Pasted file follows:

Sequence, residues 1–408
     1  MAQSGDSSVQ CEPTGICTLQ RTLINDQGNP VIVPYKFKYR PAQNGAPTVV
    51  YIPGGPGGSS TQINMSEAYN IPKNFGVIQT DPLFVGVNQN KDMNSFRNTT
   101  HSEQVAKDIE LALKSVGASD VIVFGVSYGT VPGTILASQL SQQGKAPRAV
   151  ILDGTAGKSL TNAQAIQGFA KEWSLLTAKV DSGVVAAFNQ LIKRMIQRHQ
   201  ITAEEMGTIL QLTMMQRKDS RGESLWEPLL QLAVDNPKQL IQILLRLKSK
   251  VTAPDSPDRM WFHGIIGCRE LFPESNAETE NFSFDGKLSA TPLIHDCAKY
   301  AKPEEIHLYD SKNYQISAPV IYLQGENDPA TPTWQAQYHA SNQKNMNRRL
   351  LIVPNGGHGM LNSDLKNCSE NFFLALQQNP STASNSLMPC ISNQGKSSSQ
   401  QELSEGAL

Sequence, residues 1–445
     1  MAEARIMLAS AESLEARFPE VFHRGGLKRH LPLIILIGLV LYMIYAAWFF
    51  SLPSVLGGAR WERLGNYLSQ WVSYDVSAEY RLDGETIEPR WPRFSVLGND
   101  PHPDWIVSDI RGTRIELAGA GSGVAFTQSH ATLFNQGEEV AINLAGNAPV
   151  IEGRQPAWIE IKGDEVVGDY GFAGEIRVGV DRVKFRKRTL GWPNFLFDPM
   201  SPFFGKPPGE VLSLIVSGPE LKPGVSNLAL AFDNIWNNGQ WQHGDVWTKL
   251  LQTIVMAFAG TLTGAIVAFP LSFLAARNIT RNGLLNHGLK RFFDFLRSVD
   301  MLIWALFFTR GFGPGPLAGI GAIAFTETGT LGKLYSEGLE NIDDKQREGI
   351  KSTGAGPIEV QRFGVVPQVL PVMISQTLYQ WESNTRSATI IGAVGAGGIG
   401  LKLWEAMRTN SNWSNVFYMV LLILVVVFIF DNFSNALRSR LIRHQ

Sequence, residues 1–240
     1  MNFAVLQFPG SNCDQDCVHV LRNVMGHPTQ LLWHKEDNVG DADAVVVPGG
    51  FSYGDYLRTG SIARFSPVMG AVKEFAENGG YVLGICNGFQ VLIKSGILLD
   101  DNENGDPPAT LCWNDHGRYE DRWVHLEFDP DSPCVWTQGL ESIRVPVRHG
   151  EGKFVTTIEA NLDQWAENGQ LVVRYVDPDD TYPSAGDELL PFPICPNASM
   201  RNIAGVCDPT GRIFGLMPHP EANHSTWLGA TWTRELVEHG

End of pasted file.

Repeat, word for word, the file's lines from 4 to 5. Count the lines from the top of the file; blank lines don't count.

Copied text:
   101  HSEQVAKDIE LALKSVGASD VIVFGVSYGT VPGTILASQL SQQGKAPRAV
   151  ILDGTAGKSL TNAQAIQGFA KEWSLLTAKV DSGVVAAFNQ LIKRMIQRHQ